PORT HARCOURT, Nigeria (AFP) — Oil major Royal Dutch Shell said Saturday it was losing the equivalent of 30,000 barrels of crude oil per day because of recent attacks against its installations in Nigeria.
The unrest in Nigeria, Africa's biggest oil producer, helped drive oil prices to a record high above 126 dollars on Friday, analysts said.
The loss in production translates to 409 million naira (2.24 million euros, 3.47 million dollars) in lost revenue every day, said Chidi Izuwah, a spokesman for the Shell Petroleum Production Company.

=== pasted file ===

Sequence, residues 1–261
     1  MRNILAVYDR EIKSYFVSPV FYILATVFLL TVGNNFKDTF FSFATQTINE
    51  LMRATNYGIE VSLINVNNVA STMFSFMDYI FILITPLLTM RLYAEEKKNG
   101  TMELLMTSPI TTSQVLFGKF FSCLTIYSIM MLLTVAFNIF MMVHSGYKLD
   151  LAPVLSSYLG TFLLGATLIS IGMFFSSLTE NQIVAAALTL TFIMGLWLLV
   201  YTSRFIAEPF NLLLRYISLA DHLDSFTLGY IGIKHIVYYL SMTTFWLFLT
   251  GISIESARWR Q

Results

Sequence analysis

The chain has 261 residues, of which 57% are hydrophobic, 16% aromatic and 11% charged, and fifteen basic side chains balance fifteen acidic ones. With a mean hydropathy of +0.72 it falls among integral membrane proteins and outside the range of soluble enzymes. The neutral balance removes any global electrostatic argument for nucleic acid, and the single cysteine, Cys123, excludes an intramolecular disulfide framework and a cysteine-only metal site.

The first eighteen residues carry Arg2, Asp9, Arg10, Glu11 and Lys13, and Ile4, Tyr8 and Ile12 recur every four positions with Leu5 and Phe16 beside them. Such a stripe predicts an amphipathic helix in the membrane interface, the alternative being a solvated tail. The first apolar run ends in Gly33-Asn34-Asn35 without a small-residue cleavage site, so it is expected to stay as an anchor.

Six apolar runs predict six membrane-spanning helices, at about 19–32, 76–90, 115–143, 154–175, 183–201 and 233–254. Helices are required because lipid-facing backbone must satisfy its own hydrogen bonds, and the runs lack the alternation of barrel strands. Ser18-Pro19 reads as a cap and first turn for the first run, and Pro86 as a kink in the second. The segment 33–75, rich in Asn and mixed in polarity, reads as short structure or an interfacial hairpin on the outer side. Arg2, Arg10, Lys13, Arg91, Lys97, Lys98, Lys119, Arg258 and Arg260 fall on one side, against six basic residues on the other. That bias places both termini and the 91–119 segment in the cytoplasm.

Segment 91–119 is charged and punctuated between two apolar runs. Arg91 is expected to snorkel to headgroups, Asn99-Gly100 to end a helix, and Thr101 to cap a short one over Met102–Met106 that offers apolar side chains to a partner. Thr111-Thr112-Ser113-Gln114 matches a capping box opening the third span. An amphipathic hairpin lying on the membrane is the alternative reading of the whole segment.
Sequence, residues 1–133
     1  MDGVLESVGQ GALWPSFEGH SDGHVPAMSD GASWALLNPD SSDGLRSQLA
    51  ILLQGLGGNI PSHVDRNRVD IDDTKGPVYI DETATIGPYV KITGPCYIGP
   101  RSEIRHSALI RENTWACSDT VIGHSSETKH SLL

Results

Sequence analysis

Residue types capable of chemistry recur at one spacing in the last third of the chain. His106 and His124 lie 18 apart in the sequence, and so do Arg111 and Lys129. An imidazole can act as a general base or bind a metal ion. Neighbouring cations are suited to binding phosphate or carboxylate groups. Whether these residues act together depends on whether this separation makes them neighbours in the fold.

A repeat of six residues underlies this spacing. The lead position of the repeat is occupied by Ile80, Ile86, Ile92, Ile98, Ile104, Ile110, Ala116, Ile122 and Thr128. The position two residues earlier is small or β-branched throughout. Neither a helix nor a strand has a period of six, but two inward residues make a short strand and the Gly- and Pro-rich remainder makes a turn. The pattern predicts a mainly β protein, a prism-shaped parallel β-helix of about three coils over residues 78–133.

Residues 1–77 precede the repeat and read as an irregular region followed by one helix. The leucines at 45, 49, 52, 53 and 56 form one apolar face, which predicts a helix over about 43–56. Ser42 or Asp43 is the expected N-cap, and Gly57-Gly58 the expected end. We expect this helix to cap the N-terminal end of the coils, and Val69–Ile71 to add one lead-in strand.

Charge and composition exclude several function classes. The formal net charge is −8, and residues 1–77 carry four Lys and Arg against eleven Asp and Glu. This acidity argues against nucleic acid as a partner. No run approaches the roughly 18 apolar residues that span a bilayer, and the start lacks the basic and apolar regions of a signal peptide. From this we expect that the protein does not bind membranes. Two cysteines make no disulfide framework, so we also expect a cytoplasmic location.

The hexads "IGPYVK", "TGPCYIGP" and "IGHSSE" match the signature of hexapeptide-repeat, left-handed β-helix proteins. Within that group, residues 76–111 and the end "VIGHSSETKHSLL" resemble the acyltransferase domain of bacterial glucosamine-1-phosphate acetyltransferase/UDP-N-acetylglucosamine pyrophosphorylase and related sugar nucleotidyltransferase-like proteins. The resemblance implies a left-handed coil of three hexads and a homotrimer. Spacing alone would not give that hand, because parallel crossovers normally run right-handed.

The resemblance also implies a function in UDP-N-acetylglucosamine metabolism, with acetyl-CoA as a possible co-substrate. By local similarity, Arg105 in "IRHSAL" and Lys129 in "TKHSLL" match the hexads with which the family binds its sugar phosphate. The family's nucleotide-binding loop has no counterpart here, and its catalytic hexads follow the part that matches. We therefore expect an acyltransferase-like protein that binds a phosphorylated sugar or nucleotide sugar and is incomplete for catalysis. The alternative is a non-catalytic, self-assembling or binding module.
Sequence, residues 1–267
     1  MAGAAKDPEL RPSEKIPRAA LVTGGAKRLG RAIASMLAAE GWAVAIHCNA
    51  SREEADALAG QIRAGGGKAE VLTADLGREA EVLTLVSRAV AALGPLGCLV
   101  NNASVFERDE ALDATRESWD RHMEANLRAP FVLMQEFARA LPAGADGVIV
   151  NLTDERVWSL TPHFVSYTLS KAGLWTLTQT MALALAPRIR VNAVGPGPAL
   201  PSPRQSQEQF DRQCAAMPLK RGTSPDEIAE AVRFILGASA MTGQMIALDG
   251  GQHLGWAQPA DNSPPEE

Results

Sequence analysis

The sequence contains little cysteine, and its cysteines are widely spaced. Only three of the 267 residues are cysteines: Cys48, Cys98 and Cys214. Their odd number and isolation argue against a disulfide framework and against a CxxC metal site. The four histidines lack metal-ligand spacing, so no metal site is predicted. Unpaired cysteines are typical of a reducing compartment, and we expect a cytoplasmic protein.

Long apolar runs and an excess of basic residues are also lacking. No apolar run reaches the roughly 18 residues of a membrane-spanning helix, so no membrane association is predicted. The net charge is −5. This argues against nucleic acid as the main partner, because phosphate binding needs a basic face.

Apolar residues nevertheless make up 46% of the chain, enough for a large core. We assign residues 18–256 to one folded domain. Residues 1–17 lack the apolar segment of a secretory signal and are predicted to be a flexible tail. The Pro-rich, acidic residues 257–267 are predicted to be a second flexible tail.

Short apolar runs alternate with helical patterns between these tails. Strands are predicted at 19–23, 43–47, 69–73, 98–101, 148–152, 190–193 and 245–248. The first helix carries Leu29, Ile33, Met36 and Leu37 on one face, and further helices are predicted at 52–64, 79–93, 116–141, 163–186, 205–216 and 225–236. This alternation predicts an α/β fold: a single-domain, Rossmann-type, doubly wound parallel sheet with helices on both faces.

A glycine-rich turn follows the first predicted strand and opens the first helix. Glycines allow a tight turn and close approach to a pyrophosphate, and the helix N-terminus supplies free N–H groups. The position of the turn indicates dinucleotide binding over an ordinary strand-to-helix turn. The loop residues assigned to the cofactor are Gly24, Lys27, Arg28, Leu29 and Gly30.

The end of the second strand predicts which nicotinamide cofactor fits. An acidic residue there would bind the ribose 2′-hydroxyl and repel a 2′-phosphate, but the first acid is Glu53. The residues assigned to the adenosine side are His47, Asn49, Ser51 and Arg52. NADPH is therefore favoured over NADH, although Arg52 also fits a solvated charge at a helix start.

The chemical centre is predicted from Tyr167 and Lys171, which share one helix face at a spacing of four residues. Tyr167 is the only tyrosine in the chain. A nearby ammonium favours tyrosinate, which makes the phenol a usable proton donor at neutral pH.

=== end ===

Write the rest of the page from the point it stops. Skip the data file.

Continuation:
Anglo-Dutch oil group Shell, Nigeria's largest oil operator, accounts for around half of the country's 2.1 million barrels per day output. An upsurge in attacks on its facilities has forced it to cut back on production.
Niger Delta militant groups -- most prominently the Movement for the Emancipation of the Niger Delta (MEND) -- have sabotaged several supply pipelines owned by Shell and other oil operators in the restive region.
MEND emerged in early 2006 as the leading group calling for a greater share of Nigeria's oil revenue for the producer region. Besides attacking facilities, it has seized local and expatriate oil workers as hostages.
Overall, violence in the Niger Delta has reduced Nigeria's total production by a quarter in the past two years.